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Exploring the Significance of Electrical Bonding in EVs

LEGACY EV February 16, 2024 EV Builders Guide

How Electrical Bonding Can Save Your Life

Photos by Legacy EV

As cooler months descend upon us, so do tacky wool sweaters. If you’ve had the opportunity to wear one for an ugly sweater party, you may have also experienced becoming a conduit for unexpected static shock as you grabbed the serving spoon in the punch bowl. While unpleasant, this phenomenon can teach us a great deal about electric vehicle safety systems that can keep builders or repairers working on them safer from electric shock.

In this image, the DC/DC converter is directly mounted to the vehicle firewall.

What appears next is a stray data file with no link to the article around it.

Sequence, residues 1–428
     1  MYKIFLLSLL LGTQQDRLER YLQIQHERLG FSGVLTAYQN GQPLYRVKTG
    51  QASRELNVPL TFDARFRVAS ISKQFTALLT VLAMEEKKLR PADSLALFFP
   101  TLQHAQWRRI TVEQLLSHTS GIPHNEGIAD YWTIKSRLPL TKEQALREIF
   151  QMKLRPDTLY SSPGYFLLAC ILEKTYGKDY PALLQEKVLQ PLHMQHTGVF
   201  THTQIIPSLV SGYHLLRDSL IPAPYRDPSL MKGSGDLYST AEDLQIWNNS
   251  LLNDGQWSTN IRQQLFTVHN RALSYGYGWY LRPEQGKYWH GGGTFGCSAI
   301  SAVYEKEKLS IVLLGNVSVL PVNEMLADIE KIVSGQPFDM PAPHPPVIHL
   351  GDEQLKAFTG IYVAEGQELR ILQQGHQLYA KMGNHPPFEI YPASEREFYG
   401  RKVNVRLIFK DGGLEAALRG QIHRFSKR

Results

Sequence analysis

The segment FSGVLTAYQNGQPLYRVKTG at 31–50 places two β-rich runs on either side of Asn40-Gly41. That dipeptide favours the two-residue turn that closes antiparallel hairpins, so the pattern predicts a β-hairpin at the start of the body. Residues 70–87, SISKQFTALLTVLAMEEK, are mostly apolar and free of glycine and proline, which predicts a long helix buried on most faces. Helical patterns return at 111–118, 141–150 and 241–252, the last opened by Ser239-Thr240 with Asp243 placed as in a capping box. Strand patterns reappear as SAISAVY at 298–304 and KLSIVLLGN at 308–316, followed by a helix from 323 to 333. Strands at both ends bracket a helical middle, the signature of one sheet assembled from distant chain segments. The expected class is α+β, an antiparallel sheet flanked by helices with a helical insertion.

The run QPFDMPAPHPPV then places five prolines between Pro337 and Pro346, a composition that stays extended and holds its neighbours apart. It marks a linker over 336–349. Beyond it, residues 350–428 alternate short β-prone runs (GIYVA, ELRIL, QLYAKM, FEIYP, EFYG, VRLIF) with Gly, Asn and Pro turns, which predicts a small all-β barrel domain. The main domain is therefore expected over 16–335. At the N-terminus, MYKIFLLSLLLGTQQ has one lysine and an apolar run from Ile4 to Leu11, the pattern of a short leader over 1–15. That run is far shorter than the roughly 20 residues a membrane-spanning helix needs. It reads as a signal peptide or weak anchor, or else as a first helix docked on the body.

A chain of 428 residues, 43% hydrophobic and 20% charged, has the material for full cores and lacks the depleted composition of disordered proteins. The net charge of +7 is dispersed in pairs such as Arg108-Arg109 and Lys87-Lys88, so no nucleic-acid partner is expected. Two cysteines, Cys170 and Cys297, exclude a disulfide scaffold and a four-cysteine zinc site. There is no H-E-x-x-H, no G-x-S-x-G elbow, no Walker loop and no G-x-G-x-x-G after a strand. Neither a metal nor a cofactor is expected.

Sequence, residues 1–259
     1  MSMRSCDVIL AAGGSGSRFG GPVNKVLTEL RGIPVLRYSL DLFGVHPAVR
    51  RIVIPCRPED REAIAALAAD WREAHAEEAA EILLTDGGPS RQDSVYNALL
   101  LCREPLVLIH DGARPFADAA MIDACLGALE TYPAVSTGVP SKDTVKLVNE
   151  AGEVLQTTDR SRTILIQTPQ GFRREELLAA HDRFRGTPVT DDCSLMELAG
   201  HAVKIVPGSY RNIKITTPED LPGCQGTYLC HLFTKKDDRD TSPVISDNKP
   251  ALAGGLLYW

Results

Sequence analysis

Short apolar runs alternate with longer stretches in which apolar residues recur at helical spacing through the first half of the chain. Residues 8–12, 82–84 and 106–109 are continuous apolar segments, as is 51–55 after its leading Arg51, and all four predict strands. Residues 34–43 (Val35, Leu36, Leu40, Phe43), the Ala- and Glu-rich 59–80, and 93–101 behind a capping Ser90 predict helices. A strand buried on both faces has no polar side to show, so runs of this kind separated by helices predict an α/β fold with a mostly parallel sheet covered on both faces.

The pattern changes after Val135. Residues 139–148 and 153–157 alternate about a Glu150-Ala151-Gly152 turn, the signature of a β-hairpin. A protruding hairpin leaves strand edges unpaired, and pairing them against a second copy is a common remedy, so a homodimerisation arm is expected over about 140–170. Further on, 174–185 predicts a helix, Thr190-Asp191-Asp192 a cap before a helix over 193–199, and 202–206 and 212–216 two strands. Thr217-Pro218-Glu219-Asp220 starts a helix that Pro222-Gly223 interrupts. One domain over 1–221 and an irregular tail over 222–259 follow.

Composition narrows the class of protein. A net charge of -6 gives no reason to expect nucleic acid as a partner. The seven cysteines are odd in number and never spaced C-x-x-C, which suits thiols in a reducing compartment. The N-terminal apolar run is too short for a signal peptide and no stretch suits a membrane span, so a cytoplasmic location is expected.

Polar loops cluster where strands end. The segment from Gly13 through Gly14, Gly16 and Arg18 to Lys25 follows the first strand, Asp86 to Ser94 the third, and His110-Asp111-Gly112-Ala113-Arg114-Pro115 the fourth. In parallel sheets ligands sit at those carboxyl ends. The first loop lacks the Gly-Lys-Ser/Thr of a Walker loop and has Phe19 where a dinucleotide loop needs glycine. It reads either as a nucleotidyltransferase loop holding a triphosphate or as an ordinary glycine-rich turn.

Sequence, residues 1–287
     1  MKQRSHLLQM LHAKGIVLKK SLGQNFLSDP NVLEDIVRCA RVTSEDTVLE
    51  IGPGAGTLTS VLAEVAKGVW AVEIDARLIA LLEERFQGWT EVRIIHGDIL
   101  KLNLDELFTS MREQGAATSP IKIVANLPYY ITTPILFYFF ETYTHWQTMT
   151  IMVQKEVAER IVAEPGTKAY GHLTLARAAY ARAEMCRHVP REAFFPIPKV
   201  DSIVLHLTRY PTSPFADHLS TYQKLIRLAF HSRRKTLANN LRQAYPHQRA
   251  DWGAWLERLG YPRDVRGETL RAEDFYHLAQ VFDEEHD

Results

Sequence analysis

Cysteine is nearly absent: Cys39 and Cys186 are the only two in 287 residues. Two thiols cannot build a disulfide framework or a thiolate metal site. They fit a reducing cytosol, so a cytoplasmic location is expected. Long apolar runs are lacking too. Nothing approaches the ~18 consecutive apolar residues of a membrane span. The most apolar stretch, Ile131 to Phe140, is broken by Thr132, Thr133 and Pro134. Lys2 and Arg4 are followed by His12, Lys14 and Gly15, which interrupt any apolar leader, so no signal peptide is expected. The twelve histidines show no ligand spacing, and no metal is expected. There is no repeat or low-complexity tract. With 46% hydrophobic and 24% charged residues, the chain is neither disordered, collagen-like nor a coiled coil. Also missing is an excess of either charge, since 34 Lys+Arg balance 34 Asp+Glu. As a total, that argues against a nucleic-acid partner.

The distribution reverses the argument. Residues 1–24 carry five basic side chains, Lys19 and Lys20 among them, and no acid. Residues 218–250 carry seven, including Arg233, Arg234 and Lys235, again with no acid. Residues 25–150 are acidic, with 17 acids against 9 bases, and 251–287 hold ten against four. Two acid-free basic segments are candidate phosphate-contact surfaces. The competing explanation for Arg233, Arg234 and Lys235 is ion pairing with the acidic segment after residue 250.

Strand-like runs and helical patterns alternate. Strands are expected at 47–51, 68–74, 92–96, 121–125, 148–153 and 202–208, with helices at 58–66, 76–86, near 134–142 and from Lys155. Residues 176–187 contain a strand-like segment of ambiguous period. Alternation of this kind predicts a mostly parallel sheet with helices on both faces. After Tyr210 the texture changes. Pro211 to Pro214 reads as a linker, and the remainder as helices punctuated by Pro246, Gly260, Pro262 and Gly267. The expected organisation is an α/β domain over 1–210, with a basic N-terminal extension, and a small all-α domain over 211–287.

What is Potential Equalization?

When you felt that jolt of electricity passing through your hand and onto the metal serving spoon, you were experiencing a “potential equalization” across two different materials. You—and the thing you touched—were at two different electric potentials, or “voltages.” When you and that spoon got close enough together, the shock you felt was the differing potentials becoming equalized. Had you and the spoon been at the same electric potential, the shock would have never occurred.

To protect EV components and the people working on them, potential equalization is essential.  Bonding is a type of potential equalization where one intentionally electrically connects all exposed metal items not designed to carry electricity as protection from electric shock by keeping these metals all at the same electric potential. In the context of EVs, this includes conductive components like the chassis, frame, body, and external housings. This prevents potential differences that could occur due to different components being connected to different electrical sources or having different resistances. Through potential equalization, we can minimize the risk of electric shock, arc formation, and electrical damage within the vehicle.